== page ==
Other features of the invention include limit stops on the members to define a maximum amount of such resetting, ramp surfaces positively guiding the rolling bodies into interfering engagement under the application of impact forces, and the use of springs situated within the pockets to assist the rolling bodies in entering their interference fit relationship between the members.
These and other features and advantages of the invention will be readily apparent from the following specification and .from the drawings wherein:
FIG. l is a fragmentary partially broken away elevational view of an automotive vehicle body including an energy absorber according to this invention;
FIG. 2 is an enlarged sectional view of a portion of the energy absorber taken along the plane indicated by lines 2-2 of FIG. l;
FIG. 3 is a perspective view of a spring ring utilized within the energy absorber of the invention;
FIG. 4 is an enlarged sectional view showing the relationship of parts also represented in FIG. I;
FIG. 5 is a view similar to FIG. 4 showing a relocated or reset relation of the parts preparatory to an energy absorbing stroke therein; and
FIG. 6 is another view similar to FIG. 4 showing the parts after an energy absorbing stroke.
Referring now particularly to FIG. l of the drawings, the energy absorbing device of the invention is disclosed as being adapted particularly for use in a collapsible steering column assembly l2 in a vehicle body 10. Reference should be had to the above-identified White patent for a basic understanding of the operational principals of the energy absorber of this inven tion and its adaptability to such steering column usage. Basically, it will be understood that the column assembly 12 is mounted in a passenger compartment portion of the vehicle body 10 rearward of a firewall 14 and in such passenger compartment the column rotatably supports a steering wheel 16 connected with a steering shaft assembly indicated at 18.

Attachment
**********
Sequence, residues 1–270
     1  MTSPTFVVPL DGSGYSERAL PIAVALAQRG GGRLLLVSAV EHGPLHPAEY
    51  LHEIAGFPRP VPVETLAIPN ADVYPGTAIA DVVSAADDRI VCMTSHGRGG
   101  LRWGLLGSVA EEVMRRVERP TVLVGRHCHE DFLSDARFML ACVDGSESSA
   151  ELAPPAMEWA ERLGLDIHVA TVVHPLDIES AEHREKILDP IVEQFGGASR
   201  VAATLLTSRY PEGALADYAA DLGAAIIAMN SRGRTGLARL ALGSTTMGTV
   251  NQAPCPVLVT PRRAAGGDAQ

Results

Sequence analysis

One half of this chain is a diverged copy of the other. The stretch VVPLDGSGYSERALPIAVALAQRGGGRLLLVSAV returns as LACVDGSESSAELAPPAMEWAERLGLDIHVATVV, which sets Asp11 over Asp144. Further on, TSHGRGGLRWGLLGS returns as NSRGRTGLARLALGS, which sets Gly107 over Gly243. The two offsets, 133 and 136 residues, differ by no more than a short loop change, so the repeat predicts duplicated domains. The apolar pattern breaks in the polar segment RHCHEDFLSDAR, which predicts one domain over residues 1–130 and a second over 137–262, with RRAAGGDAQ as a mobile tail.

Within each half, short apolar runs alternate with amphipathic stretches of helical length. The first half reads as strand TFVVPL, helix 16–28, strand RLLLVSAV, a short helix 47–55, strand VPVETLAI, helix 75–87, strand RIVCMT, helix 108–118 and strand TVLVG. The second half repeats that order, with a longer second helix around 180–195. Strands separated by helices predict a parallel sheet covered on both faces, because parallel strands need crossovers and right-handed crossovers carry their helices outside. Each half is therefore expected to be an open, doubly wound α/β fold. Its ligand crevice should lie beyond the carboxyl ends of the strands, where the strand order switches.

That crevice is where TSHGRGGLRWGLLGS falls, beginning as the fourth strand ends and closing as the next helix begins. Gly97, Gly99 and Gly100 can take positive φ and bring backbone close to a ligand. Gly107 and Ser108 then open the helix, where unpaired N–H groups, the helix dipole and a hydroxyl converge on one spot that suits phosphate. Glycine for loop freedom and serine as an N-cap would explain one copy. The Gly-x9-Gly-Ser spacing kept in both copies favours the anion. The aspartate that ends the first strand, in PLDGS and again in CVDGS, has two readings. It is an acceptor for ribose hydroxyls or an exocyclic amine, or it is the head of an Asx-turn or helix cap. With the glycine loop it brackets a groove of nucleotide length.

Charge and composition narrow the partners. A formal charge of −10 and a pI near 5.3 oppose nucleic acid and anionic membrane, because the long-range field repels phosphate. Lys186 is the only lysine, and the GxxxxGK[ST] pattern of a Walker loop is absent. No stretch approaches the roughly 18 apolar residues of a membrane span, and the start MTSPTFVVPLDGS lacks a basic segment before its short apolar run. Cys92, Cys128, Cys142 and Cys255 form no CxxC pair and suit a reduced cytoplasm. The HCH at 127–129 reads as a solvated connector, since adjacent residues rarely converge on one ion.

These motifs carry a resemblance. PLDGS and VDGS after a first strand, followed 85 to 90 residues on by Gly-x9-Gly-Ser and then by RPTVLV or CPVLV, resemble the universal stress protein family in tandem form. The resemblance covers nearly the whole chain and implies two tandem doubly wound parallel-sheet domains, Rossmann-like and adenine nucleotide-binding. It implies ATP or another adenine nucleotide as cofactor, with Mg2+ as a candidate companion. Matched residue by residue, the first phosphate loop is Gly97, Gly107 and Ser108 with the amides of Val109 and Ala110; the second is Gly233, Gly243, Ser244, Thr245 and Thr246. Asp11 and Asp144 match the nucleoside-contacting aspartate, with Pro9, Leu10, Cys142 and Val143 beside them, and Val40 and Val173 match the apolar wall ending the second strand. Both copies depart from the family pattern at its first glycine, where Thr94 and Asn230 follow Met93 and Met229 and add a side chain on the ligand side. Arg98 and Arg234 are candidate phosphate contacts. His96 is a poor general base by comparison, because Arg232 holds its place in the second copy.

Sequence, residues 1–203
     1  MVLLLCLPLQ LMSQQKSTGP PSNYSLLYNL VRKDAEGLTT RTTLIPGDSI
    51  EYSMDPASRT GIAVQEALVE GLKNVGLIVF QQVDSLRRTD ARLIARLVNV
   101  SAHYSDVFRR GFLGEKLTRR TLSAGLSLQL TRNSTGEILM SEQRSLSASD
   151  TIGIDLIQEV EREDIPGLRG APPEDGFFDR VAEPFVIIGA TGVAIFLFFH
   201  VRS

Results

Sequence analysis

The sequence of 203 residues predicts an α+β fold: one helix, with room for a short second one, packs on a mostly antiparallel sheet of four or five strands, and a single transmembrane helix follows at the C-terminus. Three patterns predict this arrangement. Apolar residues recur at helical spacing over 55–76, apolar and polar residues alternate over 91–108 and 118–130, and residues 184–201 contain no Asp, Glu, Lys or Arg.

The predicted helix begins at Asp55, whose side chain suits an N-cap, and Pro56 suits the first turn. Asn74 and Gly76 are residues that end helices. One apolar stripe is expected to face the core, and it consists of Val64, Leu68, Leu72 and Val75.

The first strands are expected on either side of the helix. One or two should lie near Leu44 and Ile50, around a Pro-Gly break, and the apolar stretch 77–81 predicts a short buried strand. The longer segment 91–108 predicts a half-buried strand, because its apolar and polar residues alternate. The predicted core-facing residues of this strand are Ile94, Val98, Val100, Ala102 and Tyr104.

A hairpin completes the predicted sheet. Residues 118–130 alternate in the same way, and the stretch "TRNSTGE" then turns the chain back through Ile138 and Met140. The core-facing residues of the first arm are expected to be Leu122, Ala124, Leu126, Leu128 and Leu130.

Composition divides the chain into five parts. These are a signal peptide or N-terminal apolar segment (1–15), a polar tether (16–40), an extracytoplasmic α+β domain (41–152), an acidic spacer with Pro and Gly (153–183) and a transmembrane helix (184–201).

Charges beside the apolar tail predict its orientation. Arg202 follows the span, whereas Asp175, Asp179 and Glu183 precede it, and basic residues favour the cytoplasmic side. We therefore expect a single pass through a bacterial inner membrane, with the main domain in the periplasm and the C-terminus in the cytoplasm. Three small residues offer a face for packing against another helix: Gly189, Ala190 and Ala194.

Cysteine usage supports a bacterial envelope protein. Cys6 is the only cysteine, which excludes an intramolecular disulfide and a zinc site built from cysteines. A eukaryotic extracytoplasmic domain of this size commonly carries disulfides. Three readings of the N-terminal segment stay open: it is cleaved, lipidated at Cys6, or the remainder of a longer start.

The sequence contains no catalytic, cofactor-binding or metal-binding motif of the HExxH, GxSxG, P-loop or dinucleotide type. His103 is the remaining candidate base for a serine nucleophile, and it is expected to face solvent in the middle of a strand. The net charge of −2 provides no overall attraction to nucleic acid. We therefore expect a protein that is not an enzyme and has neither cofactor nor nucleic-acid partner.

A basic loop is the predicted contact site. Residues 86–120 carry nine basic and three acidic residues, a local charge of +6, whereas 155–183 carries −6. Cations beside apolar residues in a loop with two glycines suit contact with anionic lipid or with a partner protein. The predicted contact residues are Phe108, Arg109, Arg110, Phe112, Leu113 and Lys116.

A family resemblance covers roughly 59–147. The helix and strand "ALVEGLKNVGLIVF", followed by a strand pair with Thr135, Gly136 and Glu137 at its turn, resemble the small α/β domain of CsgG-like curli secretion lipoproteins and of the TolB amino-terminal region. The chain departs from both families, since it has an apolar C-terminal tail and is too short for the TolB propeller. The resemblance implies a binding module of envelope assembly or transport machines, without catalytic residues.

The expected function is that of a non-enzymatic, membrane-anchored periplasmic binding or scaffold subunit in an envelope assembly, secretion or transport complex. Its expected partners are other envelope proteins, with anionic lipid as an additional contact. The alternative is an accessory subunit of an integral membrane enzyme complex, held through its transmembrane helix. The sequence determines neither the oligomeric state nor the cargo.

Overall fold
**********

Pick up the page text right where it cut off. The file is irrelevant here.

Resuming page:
' As also indicated in FIGS. 4 through 6, and as explained inthe White patent and also in U.S. Pat. No. 3,373,629 issued Mar. 19, 1968 to Wight et alQand assigned to the assignee of the present invention, the steering shaft assembly 18 operatively interconnects the steering wheel with the usual steering gear 20 and is preferably comprised of a series of shaft sections, male and female, telescopically joined but relatively nonrotatably interconnected so that steering torque may be sustained entirely therethrough even under impact conditions, but in the event of such conditions the shaft can be shortened to accommodate an energy absorbing displacement of the steering wheel 16 or a rearward displacement of the steering gear. The steering shaft sections may be held in a nonnal relation by injection molded plastic shear structures 22 including pin portions 24 which are frangible under predetermined moderate force to allow such relative movement of the sections.
Referring again to FIG. l, the steering wheel is seen as being located in a normal position indicated in solid lines with respect to the operators seat 26. The steering shaft assembly 18 extends through an opening in the firewall for connection to the steering gear and, as indicated, the steering shaft may be of the type having a considerable length of lower portion beyond the firewall connected to the steering gear. The gear is mounted on the vehicle frame or other support structure ahead of the dirigible wheels of the structure in a position exposing the steering gear to an immediate application of force in the event of a frontal impact, this for purposes later to be described.
The steering column assembly l2 further includes a mast jacket or support subassembly 28 comprised of upper and lower cylindrical mast jacket sections 30 and 32. The lower section 32 is mounted upon cowl structure 34 of the vehicle body by way of a combination of steering column support brackets including one element 36 extending forwardly and downwardly from the cowl to encircle and be rigidly affixed to the lower section 32 at 38 and another element connecting with the upper end of section 32 via a bracket 40 affixed to such section. Additionally, the brackets 36 may be reinforced by use'of'hangar bolts 42 depending from cowl 34 and extending through the brackets and a transverse instrument panel tie bar 44, all as is well-known in the art.